Earlier this week, Robert Quinn, the executive director of Scholars at Risk, an international network of higher education institutions in 39 countries with headquarters at New York University, published an op-ed piece in the Washington Post entitled “The War on Education.” The attack last week at Pakistan’s Bacha Khan University that killed 22 and wounded dozens more was no isolated incident, he argues, but “part of a widespread pattern of attacks worldwide that has reached crisis levels.” In June, Scholars at Risk reported some “333 attacks involving violent or coercive force against higher education institutions and their members in 65 countries.” According to Quinn, “These are only the tip of the iceberg, as we know most attacks go unreported.”
“Why attack universities,” Quinn asks. “Partly because they tend to be soft, high-visibility targets – open by outlook, and porous by nature — where groups gather on predictable schedules. But more importantly it is because universities are home to diverse voices and points of view. . . . Universities are attacked because there are those who prefer the persuasive certainty of force to the unpredictability of reasoned argument, who prefer the dominance of a single point of view to a forum hosting many voices, whether in Pakistan’s northwest or closer to home.”
While threats in the United States and in other “safe” countries are not of the same kind or magnitude, at their root is the same refusal to engage with ideas that contradict one’s preexisting views. When the anonymous tweeter threatens to kill African American students who dare show up for class, what is really being said is, “I refuse to accept your voice in society.” When a gun enthusiast insists on bringing a handgun into the classroom as a right, no matter its effect on the class; when a university “disinvites” a speaker in the face of public outcry over his or her views; when trustees, donors, elected officials and pundits deride scholars and threaten to have them fired because they don’t like the content of research, what is really being said is: “I don’t want to hear views I disagree with.” This like-it-or-not attitude, this refusal to leave even our metaphorical guns at the door (let alone our real ones) threatens meaningful discourse on our campuses, as its more violent counterpart threatens the lives of our colleagues in Pakistan, Kenya and beyond.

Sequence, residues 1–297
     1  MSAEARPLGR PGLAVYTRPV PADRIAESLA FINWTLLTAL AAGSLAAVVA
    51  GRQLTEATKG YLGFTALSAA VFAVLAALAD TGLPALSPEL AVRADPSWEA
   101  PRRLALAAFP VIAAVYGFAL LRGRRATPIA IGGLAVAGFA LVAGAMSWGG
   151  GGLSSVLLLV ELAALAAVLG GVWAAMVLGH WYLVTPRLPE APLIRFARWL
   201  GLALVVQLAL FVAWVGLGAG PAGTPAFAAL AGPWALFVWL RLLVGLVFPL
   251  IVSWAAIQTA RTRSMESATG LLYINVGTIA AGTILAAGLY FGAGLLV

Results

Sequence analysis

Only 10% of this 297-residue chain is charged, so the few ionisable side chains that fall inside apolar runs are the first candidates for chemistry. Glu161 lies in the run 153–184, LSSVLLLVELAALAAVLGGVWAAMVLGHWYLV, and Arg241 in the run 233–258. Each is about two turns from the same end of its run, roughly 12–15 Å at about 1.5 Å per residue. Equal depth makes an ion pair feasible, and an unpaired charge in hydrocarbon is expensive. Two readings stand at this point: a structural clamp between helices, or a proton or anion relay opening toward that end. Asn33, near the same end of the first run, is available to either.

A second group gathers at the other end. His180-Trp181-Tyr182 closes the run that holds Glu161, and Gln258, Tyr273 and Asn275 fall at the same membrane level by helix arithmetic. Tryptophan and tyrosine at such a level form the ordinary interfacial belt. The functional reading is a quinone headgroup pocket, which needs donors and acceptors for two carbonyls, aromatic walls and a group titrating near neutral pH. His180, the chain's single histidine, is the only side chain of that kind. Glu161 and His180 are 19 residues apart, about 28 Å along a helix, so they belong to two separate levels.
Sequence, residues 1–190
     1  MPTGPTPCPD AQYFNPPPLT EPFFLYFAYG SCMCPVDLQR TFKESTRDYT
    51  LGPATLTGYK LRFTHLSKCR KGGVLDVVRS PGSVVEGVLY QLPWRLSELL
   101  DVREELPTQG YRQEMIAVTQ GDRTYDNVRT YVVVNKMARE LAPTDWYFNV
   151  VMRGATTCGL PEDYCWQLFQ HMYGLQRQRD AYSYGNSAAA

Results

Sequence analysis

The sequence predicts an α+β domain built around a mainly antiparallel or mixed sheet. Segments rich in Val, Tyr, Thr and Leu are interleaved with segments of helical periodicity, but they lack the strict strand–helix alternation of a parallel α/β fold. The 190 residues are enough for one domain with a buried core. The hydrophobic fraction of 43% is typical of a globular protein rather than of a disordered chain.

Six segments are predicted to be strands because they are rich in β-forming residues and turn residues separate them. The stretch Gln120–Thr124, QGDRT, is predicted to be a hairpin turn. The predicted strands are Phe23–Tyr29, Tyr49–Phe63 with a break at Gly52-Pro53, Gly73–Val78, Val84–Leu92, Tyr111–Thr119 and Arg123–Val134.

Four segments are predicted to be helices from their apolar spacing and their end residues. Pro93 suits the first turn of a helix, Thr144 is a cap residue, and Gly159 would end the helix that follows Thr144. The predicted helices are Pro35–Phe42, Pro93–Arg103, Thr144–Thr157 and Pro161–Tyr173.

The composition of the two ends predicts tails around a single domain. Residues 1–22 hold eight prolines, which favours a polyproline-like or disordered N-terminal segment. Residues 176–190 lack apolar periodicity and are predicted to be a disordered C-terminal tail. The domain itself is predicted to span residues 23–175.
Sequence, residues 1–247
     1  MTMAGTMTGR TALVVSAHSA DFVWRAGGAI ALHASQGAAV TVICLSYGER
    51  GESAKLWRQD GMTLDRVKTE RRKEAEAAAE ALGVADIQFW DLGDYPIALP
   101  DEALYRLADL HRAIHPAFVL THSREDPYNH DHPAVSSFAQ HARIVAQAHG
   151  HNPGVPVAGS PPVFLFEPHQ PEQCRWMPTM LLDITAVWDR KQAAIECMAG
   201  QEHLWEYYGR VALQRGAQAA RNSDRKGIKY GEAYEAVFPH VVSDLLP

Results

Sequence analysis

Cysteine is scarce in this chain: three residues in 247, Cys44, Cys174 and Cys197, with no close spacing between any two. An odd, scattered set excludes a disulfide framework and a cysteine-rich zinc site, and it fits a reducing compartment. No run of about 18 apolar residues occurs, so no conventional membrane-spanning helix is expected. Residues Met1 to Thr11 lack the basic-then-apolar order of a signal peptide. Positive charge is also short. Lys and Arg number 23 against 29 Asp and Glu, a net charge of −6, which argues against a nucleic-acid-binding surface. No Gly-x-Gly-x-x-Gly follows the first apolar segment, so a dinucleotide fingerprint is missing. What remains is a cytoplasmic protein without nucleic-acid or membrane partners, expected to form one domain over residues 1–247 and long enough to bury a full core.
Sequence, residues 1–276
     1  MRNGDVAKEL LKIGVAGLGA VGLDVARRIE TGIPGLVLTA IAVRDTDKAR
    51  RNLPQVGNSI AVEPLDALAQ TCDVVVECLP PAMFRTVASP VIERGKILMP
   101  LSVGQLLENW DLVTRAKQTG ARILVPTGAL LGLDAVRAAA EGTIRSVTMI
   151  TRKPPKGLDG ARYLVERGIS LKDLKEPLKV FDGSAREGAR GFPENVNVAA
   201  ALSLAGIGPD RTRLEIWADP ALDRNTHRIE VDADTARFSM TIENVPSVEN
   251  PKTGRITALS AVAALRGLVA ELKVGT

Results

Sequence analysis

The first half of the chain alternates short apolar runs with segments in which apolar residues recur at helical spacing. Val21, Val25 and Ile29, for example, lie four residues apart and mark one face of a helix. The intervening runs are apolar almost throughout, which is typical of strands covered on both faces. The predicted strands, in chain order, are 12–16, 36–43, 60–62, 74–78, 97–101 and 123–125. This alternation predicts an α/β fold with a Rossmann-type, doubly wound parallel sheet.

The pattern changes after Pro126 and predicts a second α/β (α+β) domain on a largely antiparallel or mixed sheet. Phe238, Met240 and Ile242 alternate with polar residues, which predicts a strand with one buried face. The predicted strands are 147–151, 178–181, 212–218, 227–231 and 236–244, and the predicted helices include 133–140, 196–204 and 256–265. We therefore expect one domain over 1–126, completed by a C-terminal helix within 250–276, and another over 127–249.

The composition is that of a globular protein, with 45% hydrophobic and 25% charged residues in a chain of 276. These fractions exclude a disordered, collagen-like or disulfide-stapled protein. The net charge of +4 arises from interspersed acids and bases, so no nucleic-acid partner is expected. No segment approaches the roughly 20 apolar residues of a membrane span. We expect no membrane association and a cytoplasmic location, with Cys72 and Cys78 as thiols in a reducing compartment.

In 2014, Scholars at Risk and others in the Global Coalition to Protect Education from Attack announced four basic Principles of State Responsibility to Protect Higher Education from Attack, including obligations of countries to: “abstain from direct or complicit involvement in attacks; protect higher education against present and future attacks; assist victims; and investigate and hold perpetrators accountable.”
Publicizing the experiences of international scholars whose rights have been violated or lives endangered is one useful activity. And a new online publication, New Research Voices, has joined with Scholars at Risk to devote its first 139-page issue to interviews with and select pieces of academic research by threatened scholars from all over the world. Researchers in Exile includes